Here’s an article entitled “The Art of Being Your Own Best Friend” you may enjoy. Highly recommended!
Are you hard on yourself at times? Is it difficult for you to make time for exercise, healthy food, or nurturing your spiritual life? Do you take time for yourself to do the things you love to do – those things that feed your soul? What would your life be like if you treated yourself like your own best friend?
- Sharpening Your Saw
- Perpetual Stress
- Being Your Own Best Friend
- How Would Your Life Look and Feel?
- Looking In All the Wrong Places
- Being Your Own Best Friend in the Realm of Your Mind
- Being Your Own Best Friend in Your Relationship with Your Body
- Being Your Own Best Friend in Your Spiritual Life
- What Stops Us From Being Our Own Best Friend?
- Common Beliefs That Get In The Way
- Not Good Enough?
- But I Don’t Have Time!
- Rewriting Your Belief Software
- Self-Care is the Best Health Care
- Making it OK to Have Fun
- It’s Possible!
- How to Practice Being Your Own Best Friend
Click here to read the remainder of the article, or download the pdf file.
(the full article is 6.5 pages printed)
Would you like to have a simple ten-minute program to help you relax while you gain body awareness and flexibility? This gentle workout is based on Somatic Technique, which has come down the line from Moshe Feldenkrais. It combines breathing and relatively easy movements for the front, back and side of your body.
Click here: Ten Minutes to Relaxation and Flexibility for a PDF file which you can view online, or download for your personal use. Read on if you would like find out why this approach can be so helpful.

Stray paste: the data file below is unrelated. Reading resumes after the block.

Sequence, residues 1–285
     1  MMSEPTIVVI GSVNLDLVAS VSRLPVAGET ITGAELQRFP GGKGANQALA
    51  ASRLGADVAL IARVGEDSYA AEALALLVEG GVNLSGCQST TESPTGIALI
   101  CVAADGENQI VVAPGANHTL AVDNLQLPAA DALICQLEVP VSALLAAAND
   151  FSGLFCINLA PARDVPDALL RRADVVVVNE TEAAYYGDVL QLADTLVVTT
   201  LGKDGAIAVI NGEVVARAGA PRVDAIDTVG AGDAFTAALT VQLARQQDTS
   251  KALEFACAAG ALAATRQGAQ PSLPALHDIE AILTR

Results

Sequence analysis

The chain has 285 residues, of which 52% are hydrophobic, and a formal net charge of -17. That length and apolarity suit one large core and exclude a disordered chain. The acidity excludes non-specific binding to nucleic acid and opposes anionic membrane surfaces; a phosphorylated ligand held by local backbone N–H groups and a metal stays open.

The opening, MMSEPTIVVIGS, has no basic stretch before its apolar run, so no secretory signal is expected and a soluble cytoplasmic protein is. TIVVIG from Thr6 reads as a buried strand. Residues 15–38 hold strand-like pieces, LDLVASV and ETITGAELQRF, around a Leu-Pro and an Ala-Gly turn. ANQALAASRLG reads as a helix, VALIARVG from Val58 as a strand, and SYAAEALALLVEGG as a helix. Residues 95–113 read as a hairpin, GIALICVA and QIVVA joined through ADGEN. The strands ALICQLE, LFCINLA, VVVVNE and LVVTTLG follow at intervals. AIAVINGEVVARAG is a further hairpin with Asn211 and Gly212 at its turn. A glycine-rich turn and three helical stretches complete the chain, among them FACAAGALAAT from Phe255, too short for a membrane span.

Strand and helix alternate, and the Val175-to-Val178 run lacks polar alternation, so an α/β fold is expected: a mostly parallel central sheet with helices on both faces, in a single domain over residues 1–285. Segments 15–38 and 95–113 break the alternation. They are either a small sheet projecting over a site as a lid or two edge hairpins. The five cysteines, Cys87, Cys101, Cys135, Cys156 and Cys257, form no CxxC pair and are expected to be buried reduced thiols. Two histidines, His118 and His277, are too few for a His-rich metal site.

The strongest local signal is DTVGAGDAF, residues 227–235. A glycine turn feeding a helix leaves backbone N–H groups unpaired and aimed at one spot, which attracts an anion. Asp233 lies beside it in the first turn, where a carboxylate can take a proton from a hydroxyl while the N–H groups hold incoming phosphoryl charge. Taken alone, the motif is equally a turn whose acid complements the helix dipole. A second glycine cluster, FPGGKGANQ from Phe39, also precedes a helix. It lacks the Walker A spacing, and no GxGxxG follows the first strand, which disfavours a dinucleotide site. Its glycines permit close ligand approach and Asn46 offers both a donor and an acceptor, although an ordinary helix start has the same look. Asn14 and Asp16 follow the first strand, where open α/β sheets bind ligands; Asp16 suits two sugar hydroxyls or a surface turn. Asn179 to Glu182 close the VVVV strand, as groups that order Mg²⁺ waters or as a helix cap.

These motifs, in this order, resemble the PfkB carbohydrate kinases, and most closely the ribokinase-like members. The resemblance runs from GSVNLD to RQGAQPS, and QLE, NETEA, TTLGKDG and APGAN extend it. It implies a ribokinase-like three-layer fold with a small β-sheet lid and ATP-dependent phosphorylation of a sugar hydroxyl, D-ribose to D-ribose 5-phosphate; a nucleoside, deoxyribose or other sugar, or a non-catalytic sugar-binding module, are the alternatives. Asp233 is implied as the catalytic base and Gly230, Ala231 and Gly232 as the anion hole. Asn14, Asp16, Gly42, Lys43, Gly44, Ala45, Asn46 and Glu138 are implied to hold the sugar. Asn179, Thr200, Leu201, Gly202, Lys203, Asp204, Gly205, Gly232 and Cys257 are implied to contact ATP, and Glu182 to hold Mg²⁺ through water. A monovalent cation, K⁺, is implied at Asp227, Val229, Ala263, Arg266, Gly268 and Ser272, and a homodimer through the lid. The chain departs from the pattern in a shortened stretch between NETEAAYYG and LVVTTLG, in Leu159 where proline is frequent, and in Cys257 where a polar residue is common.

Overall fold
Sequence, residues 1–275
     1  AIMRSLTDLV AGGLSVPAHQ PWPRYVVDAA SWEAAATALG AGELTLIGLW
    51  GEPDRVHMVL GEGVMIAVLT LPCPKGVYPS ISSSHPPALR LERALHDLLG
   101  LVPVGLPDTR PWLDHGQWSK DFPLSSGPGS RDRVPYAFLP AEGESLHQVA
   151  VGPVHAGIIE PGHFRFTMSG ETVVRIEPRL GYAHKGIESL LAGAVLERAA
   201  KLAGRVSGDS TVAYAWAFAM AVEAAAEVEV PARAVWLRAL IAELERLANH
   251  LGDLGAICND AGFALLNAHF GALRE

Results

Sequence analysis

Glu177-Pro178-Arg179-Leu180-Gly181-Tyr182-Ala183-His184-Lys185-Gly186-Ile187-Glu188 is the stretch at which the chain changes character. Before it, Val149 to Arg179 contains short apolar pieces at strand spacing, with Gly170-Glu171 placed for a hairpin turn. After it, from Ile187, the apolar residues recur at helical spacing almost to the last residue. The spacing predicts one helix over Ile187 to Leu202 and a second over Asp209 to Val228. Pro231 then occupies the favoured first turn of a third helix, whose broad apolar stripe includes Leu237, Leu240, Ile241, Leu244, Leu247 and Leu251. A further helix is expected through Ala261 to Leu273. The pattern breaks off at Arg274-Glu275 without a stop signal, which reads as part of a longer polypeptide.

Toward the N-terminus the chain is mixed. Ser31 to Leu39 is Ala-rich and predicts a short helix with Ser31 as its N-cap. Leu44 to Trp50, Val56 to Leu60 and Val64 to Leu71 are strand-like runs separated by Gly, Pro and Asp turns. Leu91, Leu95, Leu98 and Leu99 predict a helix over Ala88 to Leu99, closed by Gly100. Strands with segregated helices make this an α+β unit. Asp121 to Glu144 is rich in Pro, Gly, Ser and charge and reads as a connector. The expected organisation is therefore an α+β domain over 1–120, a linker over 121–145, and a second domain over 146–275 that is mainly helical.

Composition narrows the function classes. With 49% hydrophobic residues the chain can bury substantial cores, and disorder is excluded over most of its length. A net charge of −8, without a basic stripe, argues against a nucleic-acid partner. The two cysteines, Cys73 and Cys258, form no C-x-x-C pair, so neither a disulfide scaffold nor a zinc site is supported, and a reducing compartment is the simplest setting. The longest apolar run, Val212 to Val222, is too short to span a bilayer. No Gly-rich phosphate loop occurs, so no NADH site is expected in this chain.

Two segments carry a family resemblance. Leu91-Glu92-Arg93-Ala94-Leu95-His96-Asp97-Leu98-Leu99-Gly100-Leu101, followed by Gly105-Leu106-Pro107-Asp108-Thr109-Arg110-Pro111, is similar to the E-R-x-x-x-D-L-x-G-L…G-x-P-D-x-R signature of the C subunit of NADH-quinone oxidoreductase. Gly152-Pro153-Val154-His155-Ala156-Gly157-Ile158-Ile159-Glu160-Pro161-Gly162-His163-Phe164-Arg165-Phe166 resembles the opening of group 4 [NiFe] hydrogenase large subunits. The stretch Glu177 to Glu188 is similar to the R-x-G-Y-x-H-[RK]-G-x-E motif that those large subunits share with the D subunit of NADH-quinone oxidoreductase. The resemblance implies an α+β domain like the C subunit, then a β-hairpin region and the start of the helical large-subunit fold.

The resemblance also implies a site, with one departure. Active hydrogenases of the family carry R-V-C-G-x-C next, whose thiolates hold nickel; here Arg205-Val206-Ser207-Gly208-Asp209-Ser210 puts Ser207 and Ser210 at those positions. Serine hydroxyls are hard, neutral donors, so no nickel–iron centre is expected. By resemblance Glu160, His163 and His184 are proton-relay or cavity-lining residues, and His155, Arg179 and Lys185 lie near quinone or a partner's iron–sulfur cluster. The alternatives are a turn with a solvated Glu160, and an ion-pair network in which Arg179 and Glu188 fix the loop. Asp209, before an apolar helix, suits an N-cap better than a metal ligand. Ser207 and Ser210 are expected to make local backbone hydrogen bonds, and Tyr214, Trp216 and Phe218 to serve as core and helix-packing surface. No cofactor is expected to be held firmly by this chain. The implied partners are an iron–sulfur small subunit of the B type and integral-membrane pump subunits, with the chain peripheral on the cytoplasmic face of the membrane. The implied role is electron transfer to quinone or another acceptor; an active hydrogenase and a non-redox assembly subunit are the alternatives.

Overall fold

How Does it work?
There are a few basic reasons why muscles become chronically tight.
- Anxiety or worry – what we usually call “stress”
- A loss of communication between the brain and the muscles
- A combination of 1 and 2
- A deficiency or imbalance of minerals like Magnesium and/or Calcium
- Blockage of flow in the lymphatic vessels
- Blockage of flow in related acupuncture meridians
- Blockage of energy from an “interference field” (stemming from an old scar, injury site or hidden infection. The interference source isn’t usually painful itself, and is often some distance away - seemingly unrelated).
This simple routine works mainly with #2, but also helps with #1. It helps loosen tense muscles in four ways:
- It relaxes your mind by bringing your focus into the present moment
- It activates your diaphragm in breathing, which places your nervous system into relaxation mode (parasympathetic)
- Diaphragmatic breathing also calms the “fight-or-flight” part of the nervous system (sympathetic)
- It strengthens communication between your muscles and brain. Why is this important? If this link is weak, the subconscious mind takes over and places the muscles into default mode, which unfortunately, is “tight!”
Click here to view the exercise pageTen Minutes to Relaxation and Flexibility.
To learn more about brain-muscle communication, please see Somatic Technique.